THURSDAY: Moving House

BY SHAUNA CLINNING

Copyright is held by the author.

“WHO WERE those people?” I pause and take some extra time to look a little more closely at old pictures — including those of me. Not a grey hair in sight. Wow. And then I look at pictures of my husband and am reminded of the old adage that I now know is true: women age but men become more distinguished with time. And, yes, while it’s true that he has gained 30 pounds since we married, he can get away with it. I am mystified.

I continue to dig and suddenly come upon an old and ragged shoebox and I recognize it immediately. It is from my youth. From my teenagehood and early womanhood. And I am a little afraid of opening it because I know what it contains. Old love letters from who knows whom, (okay I know), bound together with ribbon. Written keepsakes that I do not have the courage to read. I have the desire, but not the stomach. I am a little afraid of the me I might see.

But at one end of the shoebox is another box. It is wooden. A treasure box that I bought from an import store many moons ago. I could not have been more than 12 or 13 years old. I think my grandmother may even have been alive at the time and perhaps she gave me the money.

The box is approximately three inches wide by five inches long and maybe two inches deep — so an oblong, not a square. And I remember I bought it for three reasons. One because I liked the Asian motif on its surface. It seemed very exotic at the time. Two because I wanted some place to hide my personal treasures — especially from my sister Julie. And three because it could only be opened by an intricate pattern of shifting blocks of wood aside, down and along. If you didn’t know the code, you couldn’t crack it.

I pick up the box and think, how will I ever open this? But just like riding a bike, memory takes over. And just like I am 13 again, I push one rectangular block to the right, shift the side down, do the same to the opposite end, only to the left, and slide the top open. And Voila! My past is exposed.

And my breath is taken away. For there is the very first ring that I ever received from a boy. His name was Andy and we were in grade five or six and he gave it to me behind the school one day. He was fond of the grand gesture. And I remember thinking, This is it! I must be in love.

I used to wear the ring on the fourth finger of my right hand. But only when I was away from home. I had no wish for my mom or dad or my brothers and sisters to see it. I knew that would only end in ridicule and laughter. And so, each day after school, I would open my treasure box and deposit my ring. Then, like clockwork each morning, I would open my treasure box and take out the ring, putting it on my finger only when I was away from home base. The ring is gold and I thought it had a green gemstone, but I see it is blue, like a sapphire. Very Kate Middleton. And I am a little surprised because I am now wearing the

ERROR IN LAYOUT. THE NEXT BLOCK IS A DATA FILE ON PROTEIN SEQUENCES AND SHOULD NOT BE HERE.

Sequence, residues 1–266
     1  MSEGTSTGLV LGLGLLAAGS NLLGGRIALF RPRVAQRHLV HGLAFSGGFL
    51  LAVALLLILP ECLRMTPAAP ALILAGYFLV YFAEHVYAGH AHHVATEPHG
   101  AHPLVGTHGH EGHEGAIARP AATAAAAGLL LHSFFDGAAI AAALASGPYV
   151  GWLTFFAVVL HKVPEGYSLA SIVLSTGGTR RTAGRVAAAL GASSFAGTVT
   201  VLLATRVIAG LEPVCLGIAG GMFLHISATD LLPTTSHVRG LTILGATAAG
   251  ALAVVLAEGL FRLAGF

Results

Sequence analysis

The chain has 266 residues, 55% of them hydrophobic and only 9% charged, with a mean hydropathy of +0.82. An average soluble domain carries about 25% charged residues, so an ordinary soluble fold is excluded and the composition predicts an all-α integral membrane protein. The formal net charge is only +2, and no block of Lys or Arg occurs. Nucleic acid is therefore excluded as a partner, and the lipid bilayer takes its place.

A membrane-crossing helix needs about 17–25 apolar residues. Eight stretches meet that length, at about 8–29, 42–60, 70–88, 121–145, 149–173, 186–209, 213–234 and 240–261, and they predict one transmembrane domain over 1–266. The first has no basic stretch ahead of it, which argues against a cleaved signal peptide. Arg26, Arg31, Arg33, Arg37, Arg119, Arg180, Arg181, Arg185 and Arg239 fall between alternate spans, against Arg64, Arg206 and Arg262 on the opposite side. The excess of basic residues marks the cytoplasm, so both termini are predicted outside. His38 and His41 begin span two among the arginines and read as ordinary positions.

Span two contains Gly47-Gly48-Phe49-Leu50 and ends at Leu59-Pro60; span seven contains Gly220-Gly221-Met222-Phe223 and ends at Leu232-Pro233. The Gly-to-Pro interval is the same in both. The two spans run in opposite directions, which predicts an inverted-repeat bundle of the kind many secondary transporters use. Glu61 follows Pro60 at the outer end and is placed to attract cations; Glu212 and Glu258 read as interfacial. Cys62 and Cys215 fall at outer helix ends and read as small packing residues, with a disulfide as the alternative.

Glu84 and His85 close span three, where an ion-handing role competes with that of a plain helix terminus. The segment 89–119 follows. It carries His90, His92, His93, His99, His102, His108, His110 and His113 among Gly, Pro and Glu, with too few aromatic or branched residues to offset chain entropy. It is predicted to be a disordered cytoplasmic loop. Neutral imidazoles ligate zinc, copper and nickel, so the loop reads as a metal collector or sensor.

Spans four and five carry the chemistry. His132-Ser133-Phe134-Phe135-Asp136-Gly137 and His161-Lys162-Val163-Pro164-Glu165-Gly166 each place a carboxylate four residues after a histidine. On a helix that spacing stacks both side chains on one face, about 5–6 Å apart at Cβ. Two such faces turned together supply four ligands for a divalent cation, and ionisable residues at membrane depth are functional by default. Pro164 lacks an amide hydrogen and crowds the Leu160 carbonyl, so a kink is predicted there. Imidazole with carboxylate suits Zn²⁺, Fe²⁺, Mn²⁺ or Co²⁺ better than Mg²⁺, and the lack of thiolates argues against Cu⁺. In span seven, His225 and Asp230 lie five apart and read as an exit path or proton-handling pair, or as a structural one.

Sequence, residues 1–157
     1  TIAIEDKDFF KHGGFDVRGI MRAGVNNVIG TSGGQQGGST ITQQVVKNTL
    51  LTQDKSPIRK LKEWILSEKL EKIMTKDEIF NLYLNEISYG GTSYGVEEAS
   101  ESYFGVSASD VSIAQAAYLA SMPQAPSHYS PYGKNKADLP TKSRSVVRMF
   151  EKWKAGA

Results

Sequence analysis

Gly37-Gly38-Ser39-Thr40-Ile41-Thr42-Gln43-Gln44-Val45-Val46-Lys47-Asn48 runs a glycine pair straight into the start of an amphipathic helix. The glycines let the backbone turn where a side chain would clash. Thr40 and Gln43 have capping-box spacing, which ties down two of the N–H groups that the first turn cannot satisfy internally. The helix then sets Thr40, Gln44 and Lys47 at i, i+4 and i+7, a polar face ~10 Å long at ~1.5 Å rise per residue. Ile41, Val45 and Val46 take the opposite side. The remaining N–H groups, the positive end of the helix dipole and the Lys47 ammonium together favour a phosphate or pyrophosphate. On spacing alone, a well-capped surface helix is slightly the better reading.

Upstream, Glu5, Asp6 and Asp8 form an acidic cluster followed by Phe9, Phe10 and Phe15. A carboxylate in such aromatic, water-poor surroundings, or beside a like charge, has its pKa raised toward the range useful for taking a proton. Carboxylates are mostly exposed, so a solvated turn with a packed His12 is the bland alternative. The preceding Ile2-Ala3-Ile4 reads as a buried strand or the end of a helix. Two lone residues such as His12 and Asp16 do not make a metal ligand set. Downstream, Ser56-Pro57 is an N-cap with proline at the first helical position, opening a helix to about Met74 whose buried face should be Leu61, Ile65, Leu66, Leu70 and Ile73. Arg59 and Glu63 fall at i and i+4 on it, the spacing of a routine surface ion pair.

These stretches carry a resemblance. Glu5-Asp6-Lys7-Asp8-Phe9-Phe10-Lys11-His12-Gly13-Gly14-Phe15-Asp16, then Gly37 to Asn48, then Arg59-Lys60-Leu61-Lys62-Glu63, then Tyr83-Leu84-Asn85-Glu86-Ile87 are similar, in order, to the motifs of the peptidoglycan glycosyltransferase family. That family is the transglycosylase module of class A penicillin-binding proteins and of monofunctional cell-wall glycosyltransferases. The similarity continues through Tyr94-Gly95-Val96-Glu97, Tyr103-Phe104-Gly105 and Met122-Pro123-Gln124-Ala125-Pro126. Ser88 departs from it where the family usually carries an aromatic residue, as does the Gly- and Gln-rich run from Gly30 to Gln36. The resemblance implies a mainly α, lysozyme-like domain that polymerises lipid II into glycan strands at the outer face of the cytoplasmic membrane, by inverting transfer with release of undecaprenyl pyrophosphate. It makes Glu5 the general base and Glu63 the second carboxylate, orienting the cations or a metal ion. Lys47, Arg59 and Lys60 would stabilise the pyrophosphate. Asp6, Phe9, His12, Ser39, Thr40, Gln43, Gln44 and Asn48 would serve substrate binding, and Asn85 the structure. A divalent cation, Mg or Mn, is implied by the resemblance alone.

sapphire ring that my husband gave me — and it is on that same fourth finger of my right hand.

Within a few weeks of Andy giving me this first ring, however, I noticed that it was losing some of its lustre. The gold faded to metallic silver and the jewel lost some of its sheen. I realized then that Andy had probably got it out of a Cracker Jack box. In fact, he had given me a cheap gift and I suddenly felt insulted. By this time, however, Andy had lost all interest in me. I was doubly insulted. He had moved on — to Lisa Ipswich. She was beautiful and truly nice. And all the boys liked her. And who could blame them? She was a 13 year-old girl emerging from within an 18 year-old woman’s body. There was absolutely no competition.

I must say though, hurt as I was, I had the wisdom to recognize that Andy was not worth pining for. His affections, like the ring, were lacklustre. But I could never bring myself to throw the ring away. Finding it, however, did make me wonder about him.

The last time I had seen Andy was at the Queen’s Head pub in town. I was there with family and friends and watched as a woman kindly escorted him out the door. He was clearly in his cups and I could see that a few of his front teeth were missing. I never said a word to anyone, not even my tried and true husband. And I hoped that Andy would not recognize me and say something awkward or disparaging; I had the feeling that, in the end, maybe I had not been that kind to him all those years ago.

So the ring has gone back into the old wooden box. The box has gone into the new bin and the bin has gone into my closet. It is hidden behind some luggage and some long dresses. I am keeping it for three reasons. One because I still like the Asian motif on its lid. Two because I still need someplace to hide my personal treasures. And three because it can only be opened by me.

2 comments

  1. Nancy Boyce

    I really liked this story, Shauna. I liked the nostalgic look at how we viewed things as children, but mostly I liked the ending and the character’s need to still have something private that only she can open.

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